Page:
When is a Cone Beam Computed Tomography (CBCT) indicated in children?
CBCT, or cone beam computed tomography, is a radiographic examination aimed at diagnosing orthodontic problems. It is essentially the most modern method of diagnosis in orthodontics. Diagnosis is performed either traditionally, with the panoramic dental x-ray, also known as orthopantomogram (OPT), or more rarely with the lateral cephalometric radiograph, i.e. Ceph or LCR. In recent years, the introduction of three-dimensional X-ray imaging in orthodontics has resulted in the development of CBCT examination. Cone beam computed tomography, otherwise known as CBCT, has a particularly significant increase as a diagnostic test in orthodontics. There are some orthodontists who promote the use of CBCT, as a new and absolutely necessary diagnosis of any orthodontic problem. This preference aims for it to replace the well-known panoramic dental x-ray and Ceph exams. The question that is often asked regarding this test is whether it poses a health risk, and to what extent.
Is it safe to have CBCT imaging?
A CBCT test, having high resolution, can be a burden to the patient’s health. So far, it has been shown that CBCT causes a much higher exposure to ionizing radiation compared to the traditional combination of OPT and Ceph. Therefore, the following important question arises: Does increased exposure to cone beam tomography offer any benefits to the patient? All this ionizing radiation has an accumulative effect in every patient’s body and remains there during their lifespan. Is such an examination really necessary to diagnose any orthodontic problem? And another question yet, would be how much higher is the estimated radiation when comparing it with other radiological examinations?
The radiation rates involved in the CBCT test in relation to the OPT and LCR tests.
The authors of the “European Journal of Orthodontics” have created a systematic review of the CBCT examination, which investigated whether it is appropriate for children. They made a thorough evaluation of all the publications and scientific articles related to the CBCT examination. This evaluation concerned this specific diagnostic method for orthodontic treatment in children and adolescents until July 2018. The findings of this study were examining when the CBCT is indicated instead of the traditional combination of OPT/LCR. The cases where they reckon that each child/teen needs to undergo a cone beam computed tomography are the following:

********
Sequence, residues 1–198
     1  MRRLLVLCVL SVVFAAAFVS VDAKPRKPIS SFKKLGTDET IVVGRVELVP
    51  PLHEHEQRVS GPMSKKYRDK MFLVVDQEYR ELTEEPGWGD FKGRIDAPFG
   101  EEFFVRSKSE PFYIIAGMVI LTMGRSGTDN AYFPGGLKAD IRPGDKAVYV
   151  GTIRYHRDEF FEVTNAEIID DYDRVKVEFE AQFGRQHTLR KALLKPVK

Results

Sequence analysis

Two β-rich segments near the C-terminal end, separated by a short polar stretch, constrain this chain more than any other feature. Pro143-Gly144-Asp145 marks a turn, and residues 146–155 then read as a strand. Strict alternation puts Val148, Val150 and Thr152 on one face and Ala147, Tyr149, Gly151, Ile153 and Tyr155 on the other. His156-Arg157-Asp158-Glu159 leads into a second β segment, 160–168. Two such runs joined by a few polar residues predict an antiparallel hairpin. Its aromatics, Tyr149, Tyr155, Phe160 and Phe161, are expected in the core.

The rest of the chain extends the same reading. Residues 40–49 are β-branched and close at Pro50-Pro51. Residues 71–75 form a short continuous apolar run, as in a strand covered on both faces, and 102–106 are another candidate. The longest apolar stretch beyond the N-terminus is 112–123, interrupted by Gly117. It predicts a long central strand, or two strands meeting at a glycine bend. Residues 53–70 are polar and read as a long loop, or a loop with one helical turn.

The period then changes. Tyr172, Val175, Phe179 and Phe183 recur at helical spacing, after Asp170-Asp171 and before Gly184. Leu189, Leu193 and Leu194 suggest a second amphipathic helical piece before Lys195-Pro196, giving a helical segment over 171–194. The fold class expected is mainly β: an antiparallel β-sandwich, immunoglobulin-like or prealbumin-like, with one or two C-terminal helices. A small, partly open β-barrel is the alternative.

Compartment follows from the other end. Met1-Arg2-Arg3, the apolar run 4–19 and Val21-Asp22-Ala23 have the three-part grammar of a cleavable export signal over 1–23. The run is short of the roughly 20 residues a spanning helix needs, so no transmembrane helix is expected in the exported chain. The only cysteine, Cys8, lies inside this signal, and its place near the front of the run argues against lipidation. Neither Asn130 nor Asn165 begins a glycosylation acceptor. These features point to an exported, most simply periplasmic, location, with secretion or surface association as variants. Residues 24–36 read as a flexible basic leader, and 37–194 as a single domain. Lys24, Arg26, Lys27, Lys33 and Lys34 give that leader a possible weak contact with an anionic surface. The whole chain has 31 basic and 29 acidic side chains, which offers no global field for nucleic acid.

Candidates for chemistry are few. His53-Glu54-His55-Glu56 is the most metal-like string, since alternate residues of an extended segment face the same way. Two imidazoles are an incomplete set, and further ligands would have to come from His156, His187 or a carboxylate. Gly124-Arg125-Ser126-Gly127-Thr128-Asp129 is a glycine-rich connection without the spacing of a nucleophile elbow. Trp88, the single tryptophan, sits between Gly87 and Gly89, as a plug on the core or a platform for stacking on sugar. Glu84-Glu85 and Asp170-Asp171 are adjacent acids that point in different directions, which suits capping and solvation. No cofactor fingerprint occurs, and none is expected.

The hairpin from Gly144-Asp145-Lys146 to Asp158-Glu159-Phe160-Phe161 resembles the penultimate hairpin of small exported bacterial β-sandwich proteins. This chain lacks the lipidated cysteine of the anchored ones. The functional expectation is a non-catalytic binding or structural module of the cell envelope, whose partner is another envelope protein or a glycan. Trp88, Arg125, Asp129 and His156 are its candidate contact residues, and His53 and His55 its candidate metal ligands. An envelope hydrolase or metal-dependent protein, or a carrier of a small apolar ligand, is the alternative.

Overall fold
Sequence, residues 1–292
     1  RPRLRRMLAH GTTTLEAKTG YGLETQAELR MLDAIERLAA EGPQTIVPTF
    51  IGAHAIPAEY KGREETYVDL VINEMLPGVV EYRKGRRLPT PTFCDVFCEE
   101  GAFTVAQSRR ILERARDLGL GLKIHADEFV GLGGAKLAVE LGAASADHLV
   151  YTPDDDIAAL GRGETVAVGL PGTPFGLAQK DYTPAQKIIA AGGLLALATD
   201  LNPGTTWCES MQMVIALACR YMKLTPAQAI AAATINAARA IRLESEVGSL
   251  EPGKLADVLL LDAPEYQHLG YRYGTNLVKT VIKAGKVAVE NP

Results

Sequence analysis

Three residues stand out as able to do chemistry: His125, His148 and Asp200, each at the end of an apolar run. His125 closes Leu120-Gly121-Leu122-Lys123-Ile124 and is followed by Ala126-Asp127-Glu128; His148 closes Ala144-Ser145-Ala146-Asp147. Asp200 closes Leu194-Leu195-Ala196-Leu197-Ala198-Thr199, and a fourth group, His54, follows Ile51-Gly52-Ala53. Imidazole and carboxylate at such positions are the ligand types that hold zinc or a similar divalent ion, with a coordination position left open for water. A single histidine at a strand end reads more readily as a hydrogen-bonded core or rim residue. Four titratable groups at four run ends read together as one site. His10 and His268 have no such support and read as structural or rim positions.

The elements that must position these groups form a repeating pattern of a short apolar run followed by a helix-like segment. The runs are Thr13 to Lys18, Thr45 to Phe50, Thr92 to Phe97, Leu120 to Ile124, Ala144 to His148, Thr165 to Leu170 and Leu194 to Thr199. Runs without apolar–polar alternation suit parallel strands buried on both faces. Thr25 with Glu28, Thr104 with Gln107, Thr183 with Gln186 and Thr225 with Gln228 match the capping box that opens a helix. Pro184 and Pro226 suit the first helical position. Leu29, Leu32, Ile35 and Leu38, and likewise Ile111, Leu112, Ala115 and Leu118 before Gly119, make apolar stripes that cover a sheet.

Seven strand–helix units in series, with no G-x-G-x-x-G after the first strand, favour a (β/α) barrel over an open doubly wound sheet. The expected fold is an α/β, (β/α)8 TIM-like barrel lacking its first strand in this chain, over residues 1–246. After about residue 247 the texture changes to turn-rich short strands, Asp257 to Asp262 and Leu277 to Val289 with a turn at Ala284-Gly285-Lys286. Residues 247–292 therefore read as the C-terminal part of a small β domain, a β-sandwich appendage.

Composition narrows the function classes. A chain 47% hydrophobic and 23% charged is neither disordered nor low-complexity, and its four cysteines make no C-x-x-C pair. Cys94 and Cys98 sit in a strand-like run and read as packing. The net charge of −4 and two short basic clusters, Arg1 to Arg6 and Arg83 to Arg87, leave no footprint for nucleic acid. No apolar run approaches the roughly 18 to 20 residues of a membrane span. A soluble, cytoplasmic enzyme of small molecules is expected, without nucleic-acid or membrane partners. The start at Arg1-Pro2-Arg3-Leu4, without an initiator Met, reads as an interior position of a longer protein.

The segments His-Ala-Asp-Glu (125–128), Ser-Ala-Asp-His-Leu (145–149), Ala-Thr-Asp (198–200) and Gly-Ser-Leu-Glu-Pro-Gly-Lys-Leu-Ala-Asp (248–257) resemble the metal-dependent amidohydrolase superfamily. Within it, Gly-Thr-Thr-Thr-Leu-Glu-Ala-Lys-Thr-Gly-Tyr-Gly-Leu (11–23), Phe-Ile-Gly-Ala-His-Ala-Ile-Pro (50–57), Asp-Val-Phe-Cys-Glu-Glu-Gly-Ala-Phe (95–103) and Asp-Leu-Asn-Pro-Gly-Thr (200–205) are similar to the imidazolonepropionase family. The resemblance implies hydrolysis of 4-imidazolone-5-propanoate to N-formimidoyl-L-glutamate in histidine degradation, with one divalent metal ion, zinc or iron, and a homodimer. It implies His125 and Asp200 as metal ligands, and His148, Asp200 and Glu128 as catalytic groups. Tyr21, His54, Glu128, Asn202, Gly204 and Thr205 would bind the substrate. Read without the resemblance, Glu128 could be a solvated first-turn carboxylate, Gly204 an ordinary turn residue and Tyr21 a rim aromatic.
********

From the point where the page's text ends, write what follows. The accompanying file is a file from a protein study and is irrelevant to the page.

● Existing cleft lip and palate
● Hereditary developmental disorders related to the face or teeth
● Impacted or ectopic teeth,
● Fractures located at the root of the teeth
● Diseases of the temporomandibular joint (TMJ) with bone involvement
Can CBCT be performed on children and adolescents?
As mentioned above, the aforementioned research deemed that the CBCT examination is necessary only in a small percentage of children and adolescents. Cone beam computed tomography is indicated only in children and adolescents who present with any of the above health issues. In any other case, a panoramic dental x-ray and lateral cephalometric radiograph can be used to diagnose the orthodontic treatment. The authors state in their assessment that the CBCT test can be performed instead of the traditional OPT/LCR pair in specific cases. These are cases when the traditional pair cannot provide us with the appropriate medical iIt is therefore necessary for children and adolescents to have a CBCT examination only in very special cases. And this is when other radiological examinations may not offer a full diagnosis. It is advisable not to burden the health of children with radiation that can be avoided when using other diagnostic methods. Before your children undergo any orthodontic treatment examination, please consult your orthodontist. Be properly informed regarding each method and select the safest and at the same time the most efficient for your child.